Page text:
2. Vocabulary expansion
by Elaine Gallagher The single best and quickest way to have a view of someone’s linguistic intelligence is his/hers vocabulary. A composite of the […]
by Elaine Gallagher
The single best and quickest way to have a view of someone’s linguistic intelligence is his/hers vocabulary. A composite of the words they use, the nuances, the preciseness, the fluency and smoothness of speech gives a picture of the person speaking.
Please note that speaking with an accent is not part of this composite view. Accents are acceptable if, of course, the pronunciation is intelligible. Even within a country, such as the United States of America, there are various accents of English, depending on which section of the country you live. The same can be said of English accents within the United Kingdom, or between countries, such as differing English accents in the USA, Canada, India, the UK, and Australia.
The goal of vocabulary enhancement is to build FLUENCY and ACCURACY, based on the CLIL emphasis in second language acquisition.
CLIL = Content and Language Integrated Learning, is a philosophy, which emerged in 1994, from research in Europe, based on 30 years of studies on second language acquisition. CLIL supports the idea that we learn a language better by studying subjects in the language to be acquired.
The idea for the necessity of CLIL developed from the CEFR.
The CEFR is the Common European Framework of Reference, a scale to identify the communicative level of any language, to make levels easily understandable between countries. Gone are the unspecific, vague, ambiguous terms such as «advanced English speaker», or «80% French required for this job.» or «Fluency in English is required.»
Now, the result of much work by many people from many European countries, chaired by David Marsh in Finland, was publicized in 1994, and it specifies language levels, under varying circumstances, in all four skills.
BASIC: ENGLISH LEARNER = A1, A2,
INDEPENDENT ENGLISH USER = B1, B2,
ADVANCED ENGLISH USER = C1
PROFICIENT ENGLISH USER = C2
These are the six general descriptors (A 1 – C2) used to identify people’s language skills. A manual of about 260 pages (downloadable on Internet) explains in detail, the characteristics of each level in the basic skills of listening, speaking, reading, and writing. Exams are readily available (Cambridge, Trinity, TOEFL, MATT, etc.) to determine a person’s language ability according to the CEFR scale, now in use internationally in most European countries, Mexico, South America, and Central America.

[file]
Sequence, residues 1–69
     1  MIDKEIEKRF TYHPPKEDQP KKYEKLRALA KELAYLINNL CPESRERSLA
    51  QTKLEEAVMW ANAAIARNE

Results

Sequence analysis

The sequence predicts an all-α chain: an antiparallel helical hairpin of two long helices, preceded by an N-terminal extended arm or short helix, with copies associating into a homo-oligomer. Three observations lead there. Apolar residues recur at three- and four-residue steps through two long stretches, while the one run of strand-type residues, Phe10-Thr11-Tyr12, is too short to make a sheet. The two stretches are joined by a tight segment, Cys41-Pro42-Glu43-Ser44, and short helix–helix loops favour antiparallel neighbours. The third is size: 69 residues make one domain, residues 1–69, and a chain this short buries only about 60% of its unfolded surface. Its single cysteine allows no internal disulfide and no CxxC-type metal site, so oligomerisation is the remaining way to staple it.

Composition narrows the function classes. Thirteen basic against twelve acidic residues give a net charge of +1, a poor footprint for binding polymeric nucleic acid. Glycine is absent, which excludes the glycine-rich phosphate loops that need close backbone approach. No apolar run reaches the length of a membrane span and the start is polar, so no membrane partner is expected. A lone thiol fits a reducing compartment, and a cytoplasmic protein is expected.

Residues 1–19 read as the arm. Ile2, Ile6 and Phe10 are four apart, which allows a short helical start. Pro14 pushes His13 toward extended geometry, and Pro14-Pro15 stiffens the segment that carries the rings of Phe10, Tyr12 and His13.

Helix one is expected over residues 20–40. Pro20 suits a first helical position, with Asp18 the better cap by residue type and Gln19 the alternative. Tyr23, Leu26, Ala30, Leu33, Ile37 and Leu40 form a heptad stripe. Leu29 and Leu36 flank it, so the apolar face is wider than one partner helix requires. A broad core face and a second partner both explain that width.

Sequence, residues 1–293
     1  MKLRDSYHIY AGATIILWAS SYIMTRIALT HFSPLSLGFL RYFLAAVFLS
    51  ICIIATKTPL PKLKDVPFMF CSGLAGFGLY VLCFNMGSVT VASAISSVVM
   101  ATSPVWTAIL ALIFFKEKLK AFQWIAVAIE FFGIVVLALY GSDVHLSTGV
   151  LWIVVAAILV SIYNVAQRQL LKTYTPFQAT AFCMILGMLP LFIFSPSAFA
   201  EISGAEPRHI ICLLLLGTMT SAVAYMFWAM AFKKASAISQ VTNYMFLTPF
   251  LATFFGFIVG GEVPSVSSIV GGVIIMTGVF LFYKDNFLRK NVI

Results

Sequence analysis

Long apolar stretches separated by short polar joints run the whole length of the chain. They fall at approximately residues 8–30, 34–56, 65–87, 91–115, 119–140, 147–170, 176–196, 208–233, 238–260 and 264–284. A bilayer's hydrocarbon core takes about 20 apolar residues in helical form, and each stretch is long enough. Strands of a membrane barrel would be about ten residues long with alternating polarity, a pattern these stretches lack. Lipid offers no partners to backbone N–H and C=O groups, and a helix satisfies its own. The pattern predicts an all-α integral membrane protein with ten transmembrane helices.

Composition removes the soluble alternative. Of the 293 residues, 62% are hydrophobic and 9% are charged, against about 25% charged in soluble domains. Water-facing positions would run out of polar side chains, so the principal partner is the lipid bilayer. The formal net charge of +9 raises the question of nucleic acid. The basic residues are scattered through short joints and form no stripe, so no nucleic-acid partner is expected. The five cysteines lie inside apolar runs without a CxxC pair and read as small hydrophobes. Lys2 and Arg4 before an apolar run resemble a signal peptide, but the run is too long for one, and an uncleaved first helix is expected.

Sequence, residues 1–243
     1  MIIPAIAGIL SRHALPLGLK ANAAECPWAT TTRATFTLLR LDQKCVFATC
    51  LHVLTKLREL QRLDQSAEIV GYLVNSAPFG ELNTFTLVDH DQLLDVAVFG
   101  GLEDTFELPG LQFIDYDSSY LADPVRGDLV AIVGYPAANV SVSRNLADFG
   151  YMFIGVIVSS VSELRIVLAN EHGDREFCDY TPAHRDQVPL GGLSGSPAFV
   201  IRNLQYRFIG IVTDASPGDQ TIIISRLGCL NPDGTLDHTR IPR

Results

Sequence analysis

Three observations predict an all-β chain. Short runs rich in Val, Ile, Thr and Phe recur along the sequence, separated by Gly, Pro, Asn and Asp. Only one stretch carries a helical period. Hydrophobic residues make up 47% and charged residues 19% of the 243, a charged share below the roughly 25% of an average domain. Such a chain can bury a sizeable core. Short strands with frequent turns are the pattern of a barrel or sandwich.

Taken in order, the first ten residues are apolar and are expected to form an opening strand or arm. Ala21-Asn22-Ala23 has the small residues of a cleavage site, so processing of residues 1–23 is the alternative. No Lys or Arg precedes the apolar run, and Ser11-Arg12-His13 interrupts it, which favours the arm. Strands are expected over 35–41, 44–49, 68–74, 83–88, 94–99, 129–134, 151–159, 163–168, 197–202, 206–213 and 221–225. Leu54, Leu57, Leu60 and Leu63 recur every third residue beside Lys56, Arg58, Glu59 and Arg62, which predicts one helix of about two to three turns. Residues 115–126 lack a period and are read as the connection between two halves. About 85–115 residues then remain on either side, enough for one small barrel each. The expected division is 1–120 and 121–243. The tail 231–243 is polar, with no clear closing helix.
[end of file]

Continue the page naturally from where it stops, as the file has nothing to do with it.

Book companies that are «with it» now are producing their language texts with a small circle of stars on the front cover ( a symbol of the European Union) with the CEFR number in the center of the circle, showing the book’s level…..such as A1 or B2, so there can be no ambiguity about a level. The editors decide which level to put on the book’s cover, but it must be decided based on guidelines in the CEFR guidebook explaining all levels.
Performing or participating in a play production meets that expectation.
Three other essential aspects of CLIL philosophy are:
(1) FLUENCY is more important than grammatical accuracy (which will come with time).
(2) ERRORS are a natural part of learning a language.
(3) LEARNING a language is a life-time project. Our language skills grow as we are presented with various experiences and activities in the language to be acquired.
CLIL philosophy, and its influence on educators for the past 15 years, has led us to see how important vocabulary is in the growth of our students’ language fluency. Therefore, vocabulary growth has to be part of every lesson. The pronunciation of a word, using it orally, writing a simple, teacher-given definition or drawing, and the word’s use regularly by the teacher, will help the students to assimilate the word in his/her long-term memory.
Each of the plays will be preceded by a suggested vocabulary list so the teacher will be able to plan well in-advance, by introducing, casually, and by modeling the word’s use for the students, so that by the time the play is to be a classroom activity, the students will know about the general vocabulary to be included in the play.
ALL the words on the vocabulary lists may not be included in the play. The words are provided to present a general guide, so teachers will know what level of vocabulary is expected at each of the three English levels at which the plays will be presented:
1. English Beginners (K, 1, 2) No CEFR or A-1 at Grade 2
2. Basic English Learners (2, 3, 4) A1- A2 on the CEFR scale
3. Basic + English Learners (4, 5, 6) A2 – B1 on the CEFR scale
Now that you understand the necessity for guiding your students to develop a broad vocabulary, let’s look at some more activities you can practice to get them on the road to acting or play producing.
Next: PART 3: Activities to Develop Fluency & Drama Skills